By Salomón Kalmanovitz, EL ESPECTADOR, February 12, 2023
(Translated by Eunice Gibson, CSN Volunteer Translator)
The Petro administration’s National Development Plan bears the suggestive, and at the same time, confusing title of “Colombia, a World Power for Life”. Perhaps it suggests that the country eventually will have admirable conditions for long, happy lives for its entire population and low rates of homicides and feminicides, the consequence of radically diminishing criminality.
The text explains that it means a process that is barely beginning: it tries to “lay the foundation for the country to be converted to a leader in the protection of life through building a new social contract that will enable the surmounting of historic injustices and exclusion, the no repetition of the conflict, the change in our ways of relating to the environment, and a productive transformation based on understanding and harmony with nature.”
If such a future is desirable, the reality of the present is overpowering:
The rate of homicides in Colombia is nearly 26 per 100,000 inhabitants, while in Europe it’s 3 per 100,000 inhabitants and in the violent United States it’s 7 per 100,000 inhabitants. We also have very high rates of feminicide, and organized crime and drug trafficking have been ravaging our country for 40 years. We have known how to devastate nature in systematic ways by regional powers without interference, and not just by them but also by millions of squatters displaced from the most populous centers in the country.
The Plan proposes that “the transformations will be carried out using the land as a starting point. That means that its ordering will be done around the water.” It means reducing carbon emissions that are poisoning the planet, even though Colombia is a very marginal agent in that sense, because of its economic and industrial backwardness. Inclusion will come through progress in agrarian reform and the increase in public expenditures that will be rolled out over the poorest sector of the society.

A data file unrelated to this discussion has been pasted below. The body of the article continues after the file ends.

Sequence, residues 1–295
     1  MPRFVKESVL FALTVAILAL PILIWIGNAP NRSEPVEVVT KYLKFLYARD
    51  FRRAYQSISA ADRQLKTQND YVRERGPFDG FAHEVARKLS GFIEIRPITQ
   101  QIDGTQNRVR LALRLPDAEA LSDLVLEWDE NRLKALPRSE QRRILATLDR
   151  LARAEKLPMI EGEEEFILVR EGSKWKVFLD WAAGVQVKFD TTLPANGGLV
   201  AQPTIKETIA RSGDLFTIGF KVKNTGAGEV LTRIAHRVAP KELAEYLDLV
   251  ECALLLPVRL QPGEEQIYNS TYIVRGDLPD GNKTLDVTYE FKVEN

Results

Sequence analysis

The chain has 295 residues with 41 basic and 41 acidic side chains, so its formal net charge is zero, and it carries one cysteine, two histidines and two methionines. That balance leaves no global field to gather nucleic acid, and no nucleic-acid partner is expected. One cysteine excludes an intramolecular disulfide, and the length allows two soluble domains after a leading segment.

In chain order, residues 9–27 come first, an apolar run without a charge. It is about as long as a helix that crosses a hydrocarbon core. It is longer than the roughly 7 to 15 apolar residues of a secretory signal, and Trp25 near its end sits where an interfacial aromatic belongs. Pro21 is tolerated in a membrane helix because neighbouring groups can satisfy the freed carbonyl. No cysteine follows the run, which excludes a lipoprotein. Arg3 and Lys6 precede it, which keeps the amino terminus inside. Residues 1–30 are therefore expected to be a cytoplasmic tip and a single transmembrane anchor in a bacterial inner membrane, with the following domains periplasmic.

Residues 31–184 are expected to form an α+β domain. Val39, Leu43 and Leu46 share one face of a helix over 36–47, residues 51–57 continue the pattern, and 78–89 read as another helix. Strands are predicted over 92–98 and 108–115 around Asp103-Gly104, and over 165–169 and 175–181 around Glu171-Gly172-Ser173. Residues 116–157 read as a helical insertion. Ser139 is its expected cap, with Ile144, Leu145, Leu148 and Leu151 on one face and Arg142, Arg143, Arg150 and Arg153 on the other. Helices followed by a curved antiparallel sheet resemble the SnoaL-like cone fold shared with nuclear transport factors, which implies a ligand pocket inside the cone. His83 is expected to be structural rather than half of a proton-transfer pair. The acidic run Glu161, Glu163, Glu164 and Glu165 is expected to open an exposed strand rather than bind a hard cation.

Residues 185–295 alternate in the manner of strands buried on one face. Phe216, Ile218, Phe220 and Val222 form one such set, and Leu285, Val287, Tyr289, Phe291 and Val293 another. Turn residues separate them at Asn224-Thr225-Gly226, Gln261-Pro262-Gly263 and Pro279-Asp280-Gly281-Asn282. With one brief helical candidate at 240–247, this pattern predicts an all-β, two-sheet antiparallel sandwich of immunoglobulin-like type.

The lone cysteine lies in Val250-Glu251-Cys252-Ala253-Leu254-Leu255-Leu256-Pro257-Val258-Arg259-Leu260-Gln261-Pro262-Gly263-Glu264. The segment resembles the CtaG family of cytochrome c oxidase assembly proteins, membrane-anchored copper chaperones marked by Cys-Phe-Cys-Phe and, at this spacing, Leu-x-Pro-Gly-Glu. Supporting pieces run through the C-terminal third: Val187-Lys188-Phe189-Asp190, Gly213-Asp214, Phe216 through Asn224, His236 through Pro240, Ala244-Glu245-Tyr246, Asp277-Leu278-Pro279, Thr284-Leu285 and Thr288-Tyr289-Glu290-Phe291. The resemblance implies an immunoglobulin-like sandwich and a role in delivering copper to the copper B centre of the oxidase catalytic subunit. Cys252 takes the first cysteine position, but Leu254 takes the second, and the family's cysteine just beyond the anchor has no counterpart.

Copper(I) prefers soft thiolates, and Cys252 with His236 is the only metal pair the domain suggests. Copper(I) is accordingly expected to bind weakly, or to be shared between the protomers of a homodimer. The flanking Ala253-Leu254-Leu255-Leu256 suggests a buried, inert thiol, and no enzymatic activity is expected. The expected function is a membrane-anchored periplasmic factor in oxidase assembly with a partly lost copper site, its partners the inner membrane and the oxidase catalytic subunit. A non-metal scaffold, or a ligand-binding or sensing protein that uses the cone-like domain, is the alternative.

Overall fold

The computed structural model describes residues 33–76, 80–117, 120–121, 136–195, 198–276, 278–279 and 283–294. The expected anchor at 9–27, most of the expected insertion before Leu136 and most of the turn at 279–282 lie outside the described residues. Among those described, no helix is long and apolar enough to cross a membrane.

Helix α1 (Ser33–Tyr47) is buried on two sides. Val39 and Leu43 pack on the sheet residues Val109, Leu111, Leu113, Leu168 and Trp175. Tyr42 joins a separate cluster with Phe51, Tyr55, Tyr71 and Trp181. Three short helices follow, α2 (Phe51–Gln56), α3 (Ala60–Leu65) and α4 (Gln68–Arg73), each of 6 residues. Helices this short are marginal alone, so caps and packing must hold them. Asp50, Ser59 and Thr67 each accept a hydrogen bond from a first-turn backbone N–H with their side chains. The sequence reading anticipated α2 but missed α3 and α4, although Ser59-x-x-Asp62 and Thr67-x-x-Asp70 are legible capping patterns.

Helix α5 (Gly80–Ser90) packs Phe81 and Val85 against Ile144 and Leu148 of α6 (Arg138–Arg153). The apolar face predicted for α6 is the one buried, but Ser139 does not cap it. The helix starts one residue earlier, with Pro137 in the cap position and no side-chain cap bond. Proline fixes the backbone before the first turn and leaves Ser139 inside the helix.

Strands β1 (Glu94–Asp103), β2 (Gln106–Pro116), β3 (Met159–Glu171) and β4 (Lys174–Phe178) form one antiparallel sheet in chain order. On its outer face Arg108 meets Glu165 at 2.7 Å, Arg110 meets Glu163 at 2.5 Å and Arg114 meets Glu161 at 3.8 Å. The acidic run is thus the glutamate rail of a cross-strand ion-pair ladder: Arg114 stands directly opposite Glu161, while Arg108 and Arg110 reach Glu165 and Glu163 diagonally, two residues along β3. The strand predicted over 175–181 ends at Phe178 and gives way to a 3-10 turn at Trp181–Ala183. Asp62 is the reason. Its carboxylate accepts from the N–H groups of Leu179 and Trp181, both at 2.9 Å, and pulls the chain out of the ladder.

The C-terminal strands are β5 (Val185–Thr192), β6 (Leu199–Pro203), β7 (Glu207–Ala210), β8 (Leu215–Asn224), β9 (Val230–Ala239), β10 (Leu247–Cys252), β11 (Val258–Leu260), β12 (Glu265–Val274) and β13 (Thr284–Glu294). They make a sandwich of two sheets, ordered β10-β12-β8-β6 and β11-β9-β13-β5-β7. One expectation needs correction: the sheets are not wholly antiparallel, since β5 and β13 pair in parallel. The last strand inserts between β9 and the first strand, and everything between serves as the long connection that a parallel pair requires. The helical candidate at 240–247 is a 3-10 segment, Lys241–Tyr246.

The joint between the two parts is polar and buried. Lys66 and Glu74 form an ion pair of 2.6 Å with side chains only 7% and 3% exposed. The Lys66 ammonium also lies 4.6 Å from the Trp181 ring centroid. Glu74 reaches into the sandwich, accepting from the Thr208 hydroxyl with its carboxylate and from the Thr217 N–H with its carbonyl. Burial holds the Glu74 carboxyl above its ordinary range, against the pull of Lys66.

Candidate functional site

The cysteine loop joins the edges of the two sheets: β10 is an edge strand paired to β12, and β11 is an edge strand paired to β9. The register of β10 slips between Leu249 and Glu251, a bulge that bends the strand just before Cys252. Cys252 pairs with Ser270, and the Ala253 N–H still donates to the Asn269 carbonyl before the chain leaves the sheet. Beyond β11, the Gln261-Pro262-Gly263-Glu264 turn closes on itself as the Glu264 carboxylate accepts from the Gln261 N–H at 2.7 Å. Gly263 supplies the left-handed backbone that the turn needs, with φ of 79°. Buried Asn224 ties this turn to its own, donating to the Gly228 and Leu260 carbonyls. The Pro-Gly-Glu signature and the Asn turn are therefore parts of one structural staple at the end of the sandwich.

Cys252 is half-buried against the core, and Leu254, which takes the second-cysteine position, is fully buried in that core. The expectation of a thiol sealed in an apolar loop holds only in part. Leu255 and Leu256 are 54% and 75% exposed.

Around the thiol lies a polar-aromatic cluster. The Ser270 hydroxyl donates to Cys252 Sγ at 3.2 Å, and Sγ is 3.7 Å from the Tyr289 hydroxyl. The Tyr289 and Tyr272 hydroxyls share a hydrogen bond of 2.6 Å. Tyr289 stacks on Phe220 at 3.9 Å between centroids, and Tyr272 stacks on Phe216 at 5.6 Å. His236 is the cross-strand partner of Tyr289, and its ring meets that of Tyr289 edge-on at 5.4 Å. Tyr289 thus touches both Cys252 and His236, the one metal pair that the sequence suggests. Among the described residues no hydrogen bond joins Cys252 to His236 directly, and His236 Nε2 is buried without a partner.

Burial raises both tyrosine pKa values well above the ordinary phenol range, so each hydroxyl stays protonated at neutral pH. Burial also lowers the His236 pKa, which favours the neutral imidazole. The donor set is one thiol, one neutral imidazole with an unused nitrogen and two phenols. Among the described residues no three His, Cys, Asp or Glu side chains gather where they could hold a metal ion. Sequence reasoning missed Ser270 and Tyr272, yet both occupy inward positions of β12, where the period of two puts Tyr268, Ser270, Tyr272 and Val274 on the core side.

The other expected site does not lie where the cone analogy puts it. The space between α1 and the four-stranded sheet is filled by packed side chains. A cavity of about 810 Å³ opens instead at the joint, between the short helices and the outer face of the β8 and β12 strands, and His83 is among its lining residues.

It will try to make a “transformation of productive organizations, in a way that clean and biodiverse economies can replace the intensive production by the use of coal.” It will replace combustion engines with electric. That is easier to write than to do.
The work of carrying out the Development Plan is huge: it fills 525 pages, not counting attachments. It’s a detailed analysis of the macroeconomics of the country and its prospects, and also for each of its sectors.
The taxes they calculate that they can collect exceed 19% of the GDP in 2022 to nearly 23% in 2026, four times as much as was collected in earlier reforms of the tax system, no matter how ambitious those were. The result will only be known when companies and citizens pay our taxes in mid-year.
All of the economic projections launched in the Plan are optimistic; agricultural income will increase 0.4% in 2023, but will jump to 6% in 2026; industrial income, from 1.1% in 2023 to 5.8% (with protection?); tourism from 2.7% to 6.8%, and construction from 0.6% to 5.6%. All will be possible with the power of desire.
The Colombian countryside is huge, and the government has never been able to control it or administer it, leaving that task to local officials who have taxes at their disposal that don’t bring in much: property taxes, which are substantial in the big cities, but irrelevant in small cities and rural areas, vice taxes (liquor, tobacco, and raffles), that bring in less and less. The central government hopes to raise more with its reform, and it will probably be able to send a larger amount of transfers to the surrounding areas than in the past, but things are going to change less than is hoped.